Delayed bleeding was defined as clinically evident bleeding, including melena, hematochezia, and hematemesis, with detectable evidence of bleeding from mucosal defect by urgent endoscopy 24 hours after ESD. Urgent endoscopy was defined as emergent endoscopy to control massive bleeding from the mucosal defect after ESD in the presence of hematemesis, hematochezia or melena. The following variables were analyzed to investigate factors influencing delayed bleeding: age, sex, comorbidities (hypertension, diabetes mellitus, heart disease, chronic renal failure, and liver cirrhosis), and the use of anticoagulants and/or antiplatelet drugs (patient-related factors); the location (upper third, middle third, or lower third of the stomach), circumference (anterior wall, posterior wall, lesser curvature, or greater curvature), gross EGC type, tumor size (maximum and minimum diameter of the resected tumor), resected specimen size (maximum and minimum diameter of the resected specimen), and histologic type (EGC differentiation); the ESD period; and bleeding pattern on emergency endoscopy (spurting, oozing, exposed vessel, spot, or clots) and transfusion for postoperative bleeding. The rates of delayed bleeding before and after second-look endoscopy were investigated to determine the utility of second-look endoscopy. A flow chart for analyzing the efficacy of second-look endoscopy is shown in Fig. 1.

5. Statistical analysis

Statistical analysis was performed using the SPSS software version 16.0 (SPSS Inc., Chicago, IL, USA). Student's t-test was performed for age, tumor size, specimen size, and ESD period. χ2 test were used for probability for sex, comorbidities, anticoagulant and/or antiplatelet drug use, location, circumference, gross type, and histologic differentiation. If there was more than one predictor with a significant difference by univariate analysis, multivariate analysis using a logistic regression model was planned. The analysis of delayed bleeding was performed using the Kaplan-Meier method. Difference in the frequency of delayed bleeding before and after second-look endoscopy was accessed. Statistical significance was set at a p-value of <0.05.

RESULTS

Delayed bleeding occurred in 9 (2.0%) of 440 lesions and were successfully managed with endoscopic treatment; no surgical intervention was required. No delayed bleedings were followed by rebleeding. In 88% of delayed bleeding, 8 of 9, blood transfusions were performed. The univariate analysis of variables predicting delayed bleeding is shown in Table 1. Resected specimen size was the only difference between delayed bleeding and non-bleeding groups (42.1±11.1 mm vs 30.2±9.8 mm, p<0.001). A resected specimen over 40 mm was considered a single predictor of delayed bleeding (p=0.003; odd ratio [OR], 8.26; 95% confidence interval [CI], 2.025 to 33.714). The positive predictive value for delayed bleeding with a resected specimen over 40 mm was 66.5%. Multivariate analysis was not performed because univariate analysis identified only one predictor.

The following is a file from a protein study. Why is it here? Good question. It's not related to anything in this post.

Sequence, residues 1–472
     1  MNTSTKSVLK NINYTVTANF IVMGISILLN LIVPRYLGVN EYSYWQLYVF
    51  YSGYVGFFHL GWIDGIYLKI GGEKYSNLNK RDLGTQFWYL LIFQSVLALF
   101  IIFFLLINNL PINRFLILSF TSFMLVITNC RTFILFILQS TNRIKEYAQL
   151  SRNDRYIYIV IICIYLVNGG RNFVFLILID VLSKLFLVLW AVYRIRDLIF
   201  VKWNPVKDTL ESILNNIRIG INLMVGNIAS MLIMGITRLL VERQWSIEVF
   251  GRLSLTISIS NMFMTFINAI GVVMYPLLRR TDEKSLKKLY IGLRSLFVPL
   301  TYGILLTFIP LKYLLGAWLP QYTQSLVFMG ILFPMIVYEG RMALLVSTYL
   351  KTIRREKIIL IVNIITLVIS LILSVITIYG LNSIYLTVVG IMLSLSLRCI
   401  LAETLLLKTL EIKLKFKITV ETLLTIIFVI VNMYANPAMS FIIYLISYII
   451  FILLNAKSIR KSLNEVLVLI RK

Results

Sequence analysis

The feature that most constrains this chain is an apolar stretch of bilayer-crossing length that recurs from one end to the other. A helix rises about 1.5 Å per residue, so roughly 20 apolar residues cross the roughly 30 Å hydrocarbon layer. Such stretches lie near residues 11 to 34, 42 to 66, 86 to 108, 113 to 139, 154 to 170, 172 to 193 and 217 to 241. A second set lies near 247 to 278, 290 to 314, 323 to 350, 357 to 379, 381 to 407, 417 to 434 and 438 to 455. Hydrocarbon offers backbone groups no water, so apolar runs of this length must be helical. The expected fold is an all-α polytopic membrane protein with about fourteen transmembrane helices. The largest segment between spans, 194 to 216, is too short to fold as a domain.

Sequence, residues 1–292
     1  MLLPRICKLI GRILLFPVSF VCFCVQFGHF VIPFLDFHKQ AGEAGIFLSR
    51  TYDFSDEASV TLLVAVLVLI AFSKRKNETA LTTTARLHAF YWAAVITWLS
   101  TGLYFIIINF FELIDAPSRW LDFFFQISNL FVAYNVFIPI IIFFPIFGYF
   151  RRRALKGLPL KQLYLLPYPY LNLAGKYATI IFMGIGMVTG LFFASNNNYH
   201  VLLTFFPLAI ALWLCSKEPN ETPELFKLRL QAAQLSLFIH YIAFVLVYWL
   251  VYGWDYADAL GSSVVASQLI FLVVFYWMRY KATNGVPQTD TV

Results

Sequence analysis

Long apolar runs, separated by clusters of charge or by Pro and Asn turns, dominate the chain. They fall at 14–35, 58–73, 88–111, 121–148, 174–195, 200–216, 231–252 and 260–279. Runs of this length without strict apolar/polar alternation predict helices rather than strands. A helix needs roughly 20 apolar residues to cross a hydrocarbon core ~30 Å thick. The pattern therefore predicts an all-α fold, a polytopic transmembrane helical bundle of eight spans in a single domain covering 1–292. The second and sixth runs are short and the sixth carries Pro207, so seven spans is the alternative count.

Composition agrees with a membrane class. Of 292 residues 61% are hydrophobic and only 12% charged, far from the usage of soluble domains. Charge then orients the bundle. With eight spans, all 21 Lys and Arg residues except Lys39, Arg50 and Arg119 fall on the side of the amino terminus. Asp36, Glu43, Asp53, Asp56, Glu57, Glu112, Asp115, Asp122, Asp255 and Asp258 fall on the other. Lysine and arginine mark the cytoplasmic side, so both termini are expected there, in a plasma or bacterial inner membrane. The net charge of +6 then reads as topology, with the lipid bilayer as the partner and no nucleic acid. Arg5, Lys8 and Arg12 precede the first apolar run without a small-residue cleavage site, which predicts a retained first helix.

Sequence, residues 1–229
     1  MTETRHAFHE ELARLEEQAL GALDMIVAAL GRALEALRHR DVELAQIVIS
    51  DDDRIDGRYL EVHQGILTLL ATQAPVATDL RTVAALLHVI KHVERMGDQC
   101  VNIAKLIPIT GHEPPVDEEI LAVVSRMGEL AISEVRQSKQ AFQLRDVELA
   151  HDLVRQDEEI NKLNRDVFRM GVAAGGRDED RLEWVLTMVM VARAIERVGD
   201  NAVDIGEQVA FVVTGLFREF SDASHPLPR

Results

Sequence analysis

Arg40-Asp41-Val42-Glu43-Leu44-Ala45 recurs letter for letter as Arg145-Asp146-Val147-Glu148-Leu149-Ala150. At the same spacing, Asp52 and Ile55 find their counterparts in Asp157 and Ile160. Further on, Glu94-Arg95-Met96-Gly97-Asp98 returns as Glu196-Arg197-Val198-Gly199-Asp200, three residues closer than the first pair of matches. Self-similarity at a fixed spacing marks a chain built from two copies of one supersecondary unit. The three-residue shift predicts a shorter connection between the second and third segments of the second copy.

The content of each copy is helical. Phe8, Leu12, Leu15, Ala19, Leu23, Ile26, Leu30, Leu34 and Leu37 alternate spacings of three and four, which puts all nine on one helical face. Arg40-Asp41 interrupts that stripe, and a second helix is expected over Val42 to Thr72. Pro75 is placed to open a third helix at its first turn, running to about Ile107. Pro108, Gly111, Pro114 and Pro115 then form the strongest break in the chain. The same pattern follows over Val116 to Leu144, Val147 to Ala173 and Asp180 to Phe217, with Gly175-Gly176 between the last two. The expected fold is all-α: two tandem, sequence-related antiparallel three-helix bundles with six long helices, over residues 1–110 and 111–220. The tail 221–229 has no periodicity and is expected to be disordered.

The median duration between ESD and second look endoscopy was 2 days (range, 1 to 3), and was performed most frequently on POD 2 (95% of second look endoscopies). Delayed bleeding controlled by urgent endoscopy was divided into 4 categories: spurting (2 cases), oozing (4 cases), exposed vessel (1 case), and old blood clots (1 case). Delayed bleeding occurred much less frequently after second-look endoscopy (8 cases [89%] vs 1 case [11%]) (Fig. 2). One of the 26 lesions with prophylactic hemostasis and none of the 406 without prophylactic hemostasis showed delayed bleeding after second-look endoscopy; the only case of delayed bleeding after second-look endoscopy was observed on POD 8. In this case, the resected specimen was 54 mm in size and was located on the anterior wall side of the distal antrum.

DISCUSSION

A previous retrospective study suggested that second-look endoscopy to prevent delayed bleeding might be excessive or unnecessary.3 According to Goto et al.,3 the frequencies of delayed bleedings between before second-look endoscopy and after second-look endoscopy were not significantly different. In our study, however, more delayed bleedings occurred before second-look endoscopy than after (8 cases [89%] vs 1 case [11%]).

Treating nonbleeding visible vessels at the end of ESD reduced delayed bleeding significantly, although it could not prevent it completely.5 After controlling nonbleeding visible vessels, newly developing visible vessels on the ulcer bed may contribute to bleeding in some cases, which may be detected by second-look endoscopy. Although second-look endoscopy did not prevent all delayed bleeding in our series, the present study showed that treating potential bleeding foci and the surrounding tissue in second-look endoscopy decrease delayed bleeding after second-look endoscopy. However, these findings do not prove that second-look endoscopy is beneficial but suggest that it is too early to say that second-look endoscopy after gastric ESD contributes little to preventing delayed bleeding without randomized controlled trials. The reason why late bleeding cases are few may not be the effect of second-look endoscopy but merely the process of natural healing.